HTML and CSS Reference
In-Depth Information
The most direct method to view the results of your CSS is to install as many browsers as you can on
your system and open the associated pages in them. Luckily, all modern browsers are freely avail-
able, including all of these:
Microsoft Internet Explorer
Mozilla Firefox
Apple Safari
Google Chrome
All but IE allow you to easily install multiple versions of their browsers. To
maintain access to older versions of IE, you'll need to use virtualization soft-
ware like Microsoft Virtual PC or a utility such as IETester. IETester is a free
program that allows you to check pages on a full range of Internet Explorer
versions from IE 5.5 to, as of this writing, the preview version of IE 9. You
can find IETester, as well as other handy debugging tools, at http://www .
Another method for seeing how your web pages look in a range of browsers is to use an online
service. A number of companies have set up virtualization servers that render any submitted
URL and then display a snapshot of that rendering. Services such as BrowserCam ( http://www ) m ake it possible to review rendered pages on a full set of devices. A relatively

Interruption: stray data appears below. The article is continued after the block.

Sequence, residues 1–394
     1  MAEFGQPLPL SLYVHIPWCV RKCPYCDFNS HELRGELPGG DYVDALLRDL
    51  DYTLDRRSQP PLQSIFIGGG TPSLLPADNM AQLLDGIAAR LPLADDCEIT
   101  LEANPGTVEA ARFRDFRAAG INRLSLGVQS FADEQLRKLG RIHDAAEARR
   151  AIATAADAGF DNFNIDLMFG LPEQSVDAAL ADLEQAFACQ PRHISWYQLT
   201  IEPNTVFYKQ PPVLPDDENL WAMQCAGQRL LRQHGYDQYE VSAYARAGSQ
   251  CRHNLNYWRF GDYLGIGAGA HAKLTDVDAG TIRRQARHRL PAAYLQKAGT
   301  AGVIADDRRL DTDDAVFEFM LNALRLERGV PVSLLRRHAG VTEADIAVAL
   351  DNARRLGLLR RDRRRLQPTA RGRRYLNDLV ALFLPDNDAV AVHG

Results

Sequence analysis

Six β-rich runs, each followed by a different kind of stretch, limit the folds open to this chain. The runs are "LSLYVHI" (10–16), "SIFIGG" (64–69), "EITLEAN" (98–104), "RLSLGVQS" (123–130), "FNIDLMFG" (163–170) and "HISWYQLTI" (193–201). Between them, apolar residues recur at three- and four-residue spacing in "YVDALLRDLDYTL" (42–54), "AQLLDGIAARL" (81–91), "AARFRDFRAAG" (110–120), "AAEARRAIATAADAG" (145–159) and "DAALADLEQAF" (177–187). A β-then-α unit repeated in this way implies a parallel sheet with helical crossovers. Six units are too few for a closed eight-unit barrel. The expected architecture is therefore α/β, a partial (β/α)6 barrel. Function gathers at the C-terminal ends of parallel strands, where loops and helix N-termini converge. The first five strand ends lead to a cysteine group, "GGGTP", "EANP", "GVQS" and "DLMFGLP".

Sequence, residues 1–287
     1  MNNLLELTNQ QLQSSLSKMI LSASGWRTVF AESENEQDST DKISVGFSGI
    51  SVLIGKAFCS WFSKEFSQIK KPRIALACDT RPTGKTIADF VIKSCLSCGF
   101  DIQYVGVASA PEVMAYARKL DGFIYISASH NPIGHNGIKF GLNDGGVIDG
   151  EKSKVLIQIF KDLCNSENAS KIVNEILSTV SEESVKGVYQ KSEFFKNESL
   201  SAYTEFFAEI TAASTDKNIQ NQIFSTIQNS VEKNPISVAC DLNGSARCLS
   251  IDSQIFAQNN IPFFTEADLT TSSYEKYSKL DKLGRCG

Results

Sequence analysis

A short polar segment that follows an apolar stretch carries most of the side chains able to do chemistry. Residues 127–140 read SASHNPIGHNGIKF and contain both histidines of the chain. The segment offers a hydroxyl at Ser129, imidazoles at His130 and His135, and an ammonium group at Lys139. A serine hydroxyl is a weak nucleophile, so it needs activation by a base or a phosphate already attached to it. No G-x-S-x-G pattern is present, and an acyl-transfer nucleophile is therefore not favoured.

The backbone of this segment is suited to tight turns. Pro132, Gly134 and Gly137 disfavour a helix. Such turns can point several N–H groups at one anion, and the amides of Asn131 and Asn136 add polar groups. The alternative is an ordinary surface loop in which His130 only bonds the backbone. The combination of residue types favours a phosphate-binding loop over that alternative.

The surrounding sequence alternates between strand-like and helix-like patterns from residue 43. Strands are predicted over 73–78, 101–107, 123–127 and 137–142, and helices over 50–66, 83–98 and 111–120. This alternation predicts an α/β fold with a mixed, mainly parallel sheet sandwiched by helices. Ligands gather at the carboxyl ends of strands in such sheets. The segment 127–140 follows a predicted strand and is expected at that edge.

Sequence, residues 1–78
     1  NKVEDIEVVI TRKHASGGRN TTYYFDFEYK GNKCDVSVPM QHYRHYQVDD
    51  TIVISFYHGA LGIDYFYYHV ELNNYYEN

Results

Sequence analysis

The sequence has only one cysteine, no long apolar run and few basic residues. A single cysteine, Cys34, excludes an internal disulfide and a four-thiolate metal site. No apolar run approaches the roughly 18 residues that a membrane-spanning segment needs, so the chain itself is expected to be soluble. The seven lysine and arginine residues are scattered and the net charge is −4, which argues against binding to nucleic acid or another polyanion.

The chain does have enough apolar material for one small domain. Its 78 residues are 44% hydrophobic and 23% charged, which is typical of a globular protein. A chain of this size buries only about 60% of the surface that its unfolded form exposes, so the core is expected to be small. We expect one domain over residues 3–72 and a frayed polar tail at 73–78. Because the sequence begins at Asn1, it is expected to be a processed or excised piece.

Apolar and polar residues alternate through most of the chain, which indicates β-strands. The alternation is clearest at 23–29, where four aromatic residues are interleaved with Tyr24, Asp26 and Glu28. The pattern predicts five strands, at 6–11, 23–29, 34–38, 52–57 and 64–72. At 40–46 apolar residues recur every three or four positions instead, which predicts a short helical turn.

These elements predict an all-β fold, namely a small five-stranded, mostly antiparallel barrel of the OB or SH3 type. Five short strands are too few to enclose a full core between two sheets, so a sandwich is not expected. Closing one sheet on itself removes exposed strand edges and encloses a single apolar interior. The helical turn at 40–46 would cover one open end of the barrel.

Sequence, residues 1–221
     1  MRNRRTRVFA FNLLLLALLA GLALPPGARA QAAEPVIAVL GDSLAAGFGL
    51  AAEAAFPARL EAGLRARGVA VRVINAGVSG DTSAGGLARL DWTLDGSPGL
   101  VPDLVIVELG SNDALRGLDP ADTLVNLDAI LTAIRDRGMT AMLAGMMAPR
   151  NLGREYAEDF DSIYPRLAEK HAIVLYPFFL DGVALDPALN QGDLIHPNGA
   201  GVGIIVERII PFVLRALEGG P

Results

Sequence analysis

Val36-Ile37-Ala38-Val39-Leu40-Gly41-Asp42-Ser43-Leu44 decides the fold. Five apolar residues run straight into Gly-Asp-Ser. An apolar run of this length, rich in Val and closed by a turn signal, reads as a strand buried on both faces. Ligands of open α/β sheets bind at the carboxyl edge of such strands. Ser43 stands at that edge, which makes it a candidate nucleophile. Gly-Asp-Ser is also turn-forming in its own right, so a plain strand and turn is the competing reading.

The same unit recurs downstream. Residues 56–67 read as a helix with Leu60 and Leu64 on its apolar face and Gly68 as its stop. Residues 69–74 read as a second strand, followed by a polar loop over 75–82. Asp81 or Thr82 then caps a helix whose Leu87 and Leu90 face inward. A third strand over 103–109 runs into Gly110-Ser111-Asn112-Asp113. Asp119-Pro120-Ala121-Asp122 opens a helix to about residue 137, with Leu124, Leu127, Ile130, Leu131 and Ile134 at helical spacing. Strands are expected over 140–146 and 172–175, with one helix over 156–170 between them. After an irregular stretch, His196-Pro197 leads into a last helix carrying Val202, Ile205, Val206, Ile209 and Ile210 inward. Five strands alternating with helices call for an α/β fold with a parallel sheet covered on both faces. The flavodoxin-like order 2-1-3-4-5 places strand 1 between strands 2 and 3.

recent entry, BrowserLab, comes to the field from Adobe ( ).
Though BrowserLab offers tight integration with Adobe's web development software, Dreamweaver,
it is also available on its own. As shown in Figure 5-3, BrowserLab offers the ability to compare the
same page in two different browsers simultaneously. You can also overlay one browser page on top
of the other with variable transparency in the Onion Skin mode. BrowserLab is free to use with an
Adobe ID, which is also available at no charge.
Once you've uncovered a problem, how do you fix it? The most basic approach is to modify the CSS
in your editor, save the page, and review. Though this technique is effective, its repetitive nature can
be very time-consuming. A variety of browser-based tools have emerged to help you hone in on the
problem without relying on the update-save-preview cycle.
For example, Firefox users can install a free extension called Firebug ( )
that allows you to view the CSS of any web page and even make changes in real time. In addition,
you can highlight page elements and follow the HTML code tree to hone in on problem areas. The
same organization makes a Firebug Lite, which can be used with other browsers.
Search WWH ::

Custom Search